Source : 'Generics Bulletin'
A new five-year strategic agreement running from mid-2022 to 2027 has been finalized between Australia’s government and the country’s Generic and Biosimilar Medicines Association, offering “improved stability, predictability and viability” according to health minister Greg Hunt.
Negotiations began almost a year ago on a fresh agreement that the GBMA said would offer “long-term certainty for the sector” following a similar previous deal. ("GBMA Set For New Australian Pact" "Generics Bulletin" ) The association said it had “negotiated the new strategic agreement a year early, out of mutual concern for millions of vulnerable Australians, who are struggling to access their vital medicines,” with negotiations led on the GBMA side by Arrotex CEO and chair Dennis Bastas.
Heralding “a new era in securing medicine supply for Australian patients,” the GBMA said its “landmark strategic agreement” would secure affordable medicines supplies and mitigate against shortages, in part through expanding safety stocks of certain treatments kept within Australia.
The GBMA acknowledged that the deal came against the backdrop of renewed concerns linked to the COVID-19 pandemic, which has seen unprecedented collaboration between the off-patent sector and the branded medicines industry. ("Australia Allows Industry Collaboration To Continue" "Generics Bulletin" )
GBMA independent chair Jane Halton noted that Australia was “in the midst of another frightening global, and national, surge of COVID-19” which had “pulled the curtain back on how vulnerable Australia was to international disruption of the supply of vital medicines.”
“On behalf of all Australians, the affordable medicines industry is stepping up and committing to hold additional stock of four to six months in-country, to better protect patients against supply chain volatility,” Halton stated, with this commitment forming “the centerpiece of the new GBMA strategic agreement.”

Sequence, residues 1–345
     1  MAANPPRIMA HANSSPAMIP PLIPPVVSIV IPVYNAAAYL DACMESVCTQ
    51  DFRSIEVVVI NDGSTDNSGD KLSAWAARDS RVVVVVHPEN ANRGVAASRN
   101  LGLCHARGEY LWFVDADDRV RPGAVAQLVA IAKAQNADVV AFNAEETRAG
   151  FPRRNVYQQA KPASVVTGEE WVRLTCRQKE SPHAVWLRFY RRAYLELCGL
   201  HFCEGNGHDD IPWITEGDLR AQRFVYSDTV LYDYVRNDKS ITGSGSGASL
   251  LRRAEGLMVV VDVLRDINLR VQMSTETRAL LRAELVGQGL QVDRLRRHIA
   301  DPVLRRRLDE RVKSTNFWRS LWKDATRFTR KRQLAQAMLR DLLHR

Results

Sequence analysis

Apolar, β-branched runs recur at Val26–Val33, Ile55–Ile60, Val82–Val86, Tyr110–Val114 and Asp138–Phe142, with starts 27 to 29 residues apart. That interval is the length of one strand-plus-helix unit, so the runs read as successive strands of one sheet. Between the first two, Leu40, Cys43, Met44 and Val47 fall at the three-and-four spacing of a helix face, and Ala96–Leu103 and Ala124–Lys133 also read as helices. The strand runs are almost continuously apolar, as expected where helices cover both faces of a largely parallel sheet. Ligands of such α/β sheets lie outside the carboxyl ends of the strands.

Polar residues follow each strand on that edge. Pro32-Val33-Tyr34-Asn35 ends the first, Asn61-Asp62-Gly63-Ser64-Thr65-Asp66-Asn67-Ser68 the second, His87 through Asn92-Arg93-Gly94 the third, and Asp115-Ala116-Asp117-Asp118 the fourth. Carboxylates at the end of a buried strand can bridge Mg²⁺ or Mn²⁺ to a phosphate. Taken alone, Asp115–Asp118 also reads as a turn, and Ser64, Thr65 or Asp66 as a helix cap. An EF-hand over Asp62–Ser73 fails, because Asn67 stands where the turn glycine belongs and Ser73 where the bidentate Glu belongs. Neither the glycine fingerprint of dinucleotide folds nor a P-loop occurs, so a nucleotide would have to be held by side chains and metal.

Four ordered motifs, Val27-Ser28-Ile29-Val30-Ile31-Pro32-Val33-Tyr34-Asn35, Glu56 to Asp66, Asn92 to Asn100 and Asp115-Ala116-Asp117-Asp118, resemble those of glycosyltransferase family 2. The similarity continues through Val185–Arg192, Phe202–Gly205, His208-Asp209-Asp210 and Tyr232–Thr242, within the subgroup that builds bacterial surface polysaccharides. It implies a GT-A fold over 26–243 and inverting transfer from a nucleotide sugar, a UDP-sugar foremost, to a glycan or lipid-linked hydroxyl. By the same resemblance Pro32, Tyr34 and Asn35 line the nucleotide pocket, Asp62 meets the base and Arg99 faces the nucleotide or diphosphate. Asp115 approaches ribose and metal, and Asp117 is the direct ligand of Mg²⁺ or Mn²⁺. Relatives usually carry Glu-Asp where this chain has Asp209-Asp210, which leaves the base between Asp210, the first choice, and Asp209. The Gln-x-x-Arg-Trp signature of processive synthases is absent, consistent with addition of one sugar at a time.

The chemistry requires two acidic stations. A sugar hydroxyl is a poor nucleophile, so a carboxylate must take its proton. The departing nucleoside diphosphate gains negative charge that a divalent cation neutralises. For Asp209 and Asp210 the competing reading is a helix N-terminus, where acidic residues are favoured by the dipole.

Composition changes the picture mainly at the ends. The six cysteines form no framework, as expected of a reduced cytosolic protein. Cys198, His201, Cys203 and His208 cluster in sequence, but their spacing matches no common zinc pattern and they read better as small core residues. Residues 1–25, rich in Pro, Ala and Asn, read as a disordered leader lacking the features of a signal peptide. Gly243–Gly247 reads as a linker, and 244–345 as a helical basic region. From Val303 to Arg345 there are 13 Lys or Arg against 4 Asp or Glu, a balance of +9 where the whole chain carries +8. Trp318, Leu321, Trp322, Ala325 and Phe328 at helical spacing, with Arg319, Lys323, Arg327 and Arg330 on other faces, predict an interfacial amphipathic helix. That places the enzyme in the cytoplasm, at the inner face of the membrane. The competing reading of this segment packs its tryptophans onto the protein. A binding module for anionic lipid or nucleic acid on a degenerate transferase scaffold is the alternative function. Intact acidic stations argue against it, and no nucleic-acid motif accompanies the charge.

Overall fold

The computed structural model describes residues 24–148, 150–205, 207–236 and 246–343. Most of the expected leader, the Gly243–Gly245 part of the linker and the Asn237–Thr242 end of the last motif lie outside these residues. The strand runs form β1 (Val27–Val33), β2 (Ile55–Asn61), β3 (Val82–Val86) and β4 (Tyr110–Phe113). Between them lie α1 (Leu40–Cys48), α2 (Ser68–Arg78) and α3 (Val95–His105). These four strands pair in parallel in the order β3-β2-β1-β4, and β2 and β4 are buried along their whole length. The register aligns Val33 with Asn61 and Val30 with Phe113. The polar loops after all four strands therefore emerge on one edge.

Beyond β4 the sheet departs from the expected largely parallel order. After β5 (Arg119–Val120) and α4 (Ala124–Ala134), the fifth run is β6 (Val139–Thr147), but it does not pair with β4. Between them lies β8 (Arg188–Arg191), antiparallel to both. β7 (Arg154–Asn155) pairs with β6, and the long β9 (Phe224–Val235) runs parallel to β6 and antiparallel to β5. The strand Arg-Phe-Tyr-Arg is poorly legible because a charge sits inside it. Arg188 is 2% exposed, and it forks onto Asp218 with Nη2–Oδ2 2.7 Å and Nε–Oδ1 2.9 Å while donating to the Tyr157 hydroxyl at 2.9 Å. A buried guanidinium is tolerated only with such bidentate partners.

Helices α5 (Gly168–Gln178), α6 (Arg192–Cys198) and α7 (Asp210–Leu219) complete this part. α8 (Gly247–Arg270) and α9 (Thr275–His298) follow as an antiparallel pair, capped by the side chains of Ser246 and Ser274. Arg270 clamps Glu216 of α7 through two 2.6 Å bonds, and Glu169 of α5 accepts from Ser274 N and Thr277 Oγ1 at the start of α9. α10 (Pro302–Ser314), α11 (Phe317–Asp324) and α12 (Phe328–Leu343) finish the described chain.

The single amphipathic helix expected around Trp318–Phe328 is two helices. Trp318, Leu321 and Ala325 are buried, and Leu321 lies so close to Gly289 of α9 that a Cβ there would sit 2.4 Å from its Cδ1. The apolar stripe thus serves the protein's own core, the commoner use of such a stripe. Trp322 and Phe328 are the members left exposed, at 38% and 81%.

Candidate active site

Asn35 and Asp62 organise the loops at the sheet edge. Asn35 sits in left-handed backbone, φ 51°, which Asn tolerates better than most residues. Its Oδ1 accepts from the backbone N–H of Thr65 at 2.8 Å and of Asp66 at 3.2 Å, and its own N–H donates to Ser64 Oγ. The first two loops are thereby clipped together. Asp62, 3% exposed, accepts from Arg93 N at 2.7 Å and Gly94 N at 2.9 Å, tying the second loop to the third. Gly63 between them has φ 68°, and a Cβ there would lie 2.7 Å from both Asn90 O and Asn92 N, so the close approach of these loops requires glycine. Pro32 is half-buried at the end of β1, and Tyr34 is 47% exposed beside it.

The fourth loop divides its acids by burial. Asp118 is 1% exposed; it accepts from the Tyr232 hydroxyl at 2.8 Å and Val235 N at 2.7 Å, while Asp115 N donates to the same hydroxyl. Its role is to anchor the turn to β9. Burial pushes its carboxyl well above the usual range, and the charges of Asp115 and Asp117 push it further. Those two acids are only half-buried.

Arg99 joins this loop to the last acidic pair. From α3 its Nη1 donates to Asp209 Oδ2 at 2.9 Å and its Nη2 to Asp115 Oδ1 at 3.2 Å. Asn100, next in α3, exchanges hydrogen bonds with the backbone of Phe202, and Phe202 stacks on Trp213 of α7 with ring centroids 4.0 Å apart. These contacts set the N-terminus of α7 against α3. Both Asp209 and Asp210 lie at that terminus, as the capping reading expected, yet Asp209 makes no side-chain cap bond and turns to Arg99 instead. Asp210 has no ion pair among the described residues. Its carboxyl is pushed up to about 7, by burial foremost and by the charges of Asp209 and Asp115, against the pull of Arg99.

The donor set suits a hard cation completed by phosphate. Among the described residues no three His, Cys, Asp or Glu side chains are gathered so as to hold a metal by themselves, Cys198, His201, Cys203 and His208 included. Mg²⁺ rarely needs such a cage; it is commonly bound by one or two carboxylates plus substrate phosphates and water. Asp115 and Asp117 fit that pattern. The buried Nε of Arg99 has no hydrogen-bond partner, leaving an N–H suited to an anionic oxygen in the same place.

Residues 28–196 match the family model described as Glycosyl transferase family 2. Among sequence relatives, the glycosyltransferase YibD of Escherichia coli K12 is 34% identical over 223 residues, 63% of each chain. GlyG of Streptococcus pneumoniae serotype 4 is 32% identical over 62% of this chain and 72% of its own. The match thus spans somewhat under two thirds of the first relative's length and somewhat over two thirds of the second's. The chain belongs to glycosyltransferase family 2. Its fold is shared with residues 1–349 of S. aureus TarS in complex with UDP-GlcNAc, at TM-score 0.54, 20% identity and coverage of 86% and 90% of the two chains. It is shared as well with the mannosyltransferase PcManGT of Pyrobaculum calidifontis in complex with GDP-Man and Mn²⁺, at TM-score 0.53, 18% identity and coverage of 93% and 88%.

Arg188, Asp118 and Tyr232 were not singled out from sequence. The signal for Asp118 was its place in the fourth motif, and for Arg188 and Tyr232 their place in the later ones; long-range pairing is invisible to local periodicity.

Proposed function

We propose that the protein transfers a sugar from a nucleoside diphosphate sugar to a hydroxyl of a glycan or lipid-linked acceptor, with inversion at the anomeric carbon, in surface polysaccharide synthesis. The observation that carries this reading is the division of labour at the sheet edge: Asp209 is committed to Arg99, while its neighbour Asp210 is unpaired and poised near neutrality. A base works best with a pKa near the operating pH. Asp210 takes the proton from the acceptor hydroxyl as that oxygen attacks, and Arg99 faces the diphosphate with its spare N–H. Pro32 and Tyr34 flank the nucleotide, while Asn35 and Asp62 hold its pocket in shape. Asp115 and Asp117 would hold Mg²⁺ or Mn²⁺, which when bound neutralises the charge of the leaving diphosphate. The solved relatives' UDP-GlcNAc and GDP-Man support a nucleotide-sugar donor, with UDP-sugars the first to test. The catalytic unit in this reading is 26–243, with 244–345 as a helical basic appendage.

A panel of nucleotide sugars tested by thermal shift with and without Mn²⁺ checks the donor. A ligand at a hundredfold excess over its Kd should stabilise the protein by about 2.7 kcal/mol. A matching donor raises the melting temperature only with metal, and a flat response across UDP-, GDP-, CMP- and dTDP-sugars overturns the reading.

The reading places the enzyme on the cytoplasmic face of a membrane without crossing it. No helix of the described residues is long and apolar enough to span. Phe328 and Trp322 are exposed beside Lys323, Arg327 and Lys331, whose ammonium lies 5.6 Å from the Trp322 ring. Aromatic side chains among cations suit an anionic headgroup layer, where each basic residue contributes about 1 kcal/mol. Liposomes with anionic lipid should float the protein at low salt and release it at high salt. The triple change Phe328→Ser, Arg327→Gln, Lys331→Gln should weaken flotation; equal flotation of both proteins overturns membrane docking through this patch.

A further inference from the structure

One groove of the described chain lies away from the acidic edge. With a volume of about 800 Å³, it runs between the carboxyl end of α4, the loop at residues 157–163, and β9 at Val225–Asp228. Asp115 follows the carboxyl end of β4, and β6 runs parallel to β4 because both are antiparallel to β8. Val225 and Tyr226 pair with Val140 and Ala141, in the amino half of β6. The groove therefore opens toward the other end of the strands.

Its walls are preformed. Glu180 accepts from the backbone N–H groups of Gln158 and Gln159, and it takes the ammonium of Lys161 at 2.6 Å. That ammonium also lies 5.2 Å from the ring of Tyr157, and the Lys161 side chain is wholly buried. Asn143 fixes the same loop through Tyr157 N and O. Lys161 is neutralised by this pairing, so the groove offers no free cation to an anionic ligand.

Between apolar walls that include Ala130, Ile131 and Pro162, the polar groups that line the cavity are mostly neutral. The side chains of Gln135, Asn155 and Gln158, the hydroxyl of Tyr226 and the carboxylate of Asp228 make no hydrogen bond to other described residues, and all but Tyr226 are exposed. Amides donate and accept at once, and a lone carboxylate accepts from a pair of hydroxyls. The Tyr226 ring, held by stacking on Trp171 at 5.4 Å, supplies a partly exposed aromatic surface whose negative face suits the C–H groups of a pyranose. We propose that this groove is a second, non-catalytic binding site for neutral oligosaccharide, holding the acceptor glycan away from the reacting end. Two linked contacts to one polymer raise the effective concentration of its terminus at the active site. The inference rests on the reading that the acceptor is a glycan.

Alongside a strategic agreement struck by the government with brand association Medicines Australia, Hunt said the pacts would help “reduce the cost of prescription medicines for individuals and taxpayers and bolster the supply of medicines available through the Pharmaceutical Benefits Scheme,” while also ensuring that “pharmacy shelves across Australia are continuously stocked with PBS medicines and that Australians will have early access to new life-changing medicines regardless of where they live.”
“I want to thank and acknowledge the GBMA for its ongoing partnership with government, through these negotiations, and through successive strategic agreements,” Hunt said, “which continue to provide significant benefits for Australian patients.”
“With this new agreement providing the right policy levers, we have committed ourselves to substantially increase our own stockpiles of vital medicines stored in country.”
Noting that the off-patent industry “contributes more than two-thirds of all the medicines dispensed on the PBS each year,” the GBMA said that “with patients as our absolute and shared priority, we believe the solution to surety of supply must be industry-led and government-enabled.”
“With this new agreement providing the right policy levers, we have committed ourselves to substantially increase our own stockpiles of vital medicines stored in country. We have managed to do this, together with the Australian government, without burdening taxpayers.”
GBMA chief executive Marnie Peterson said the new strategic agreement was “firmly aimed at protecting all Australians against medicine shortages, as well as delivering further savings to the PBS, to the benefit of the broader economy.”
“The association has also reconfirmed its commitment to working with government on the ‘repurposing of medicines’ initiative,” Peterson added, “in an effort to further expand patient access and advance the availability of treatments in Australia.”
“At the heart of all our considerations are Australian patients and we are proud to partner with the Australian government to maintain a world class health system.”
The off-patent sector agreement comes in tandem with a fresh five-year strategic agreement between the government and brand industry body Medicines Australia, which the originator association said “heralds a new era by securing stronger patient involvement in critical processes and ensuring Australia keeps pace with access to rapidly transforming medical advancements developed around the world.”
In particular, Medicines Australia noted, “in a major step forward, the agreement ensures patients will become fundamental contributors to the first independent review of Australia’s health technology assessment system in nearly 30 years,” with a new process set to incorporate patients’ views and experiences early in the Pharmaceutical Benefits Advisory Committee assessment of medicines to be funded on the PBS.
“The enhanced consumer engagement is expected to improve efficiencies in PBAC decisions and create faster access to lifesaving medicines and treatments,” Medicines Australia said.
By David Wallace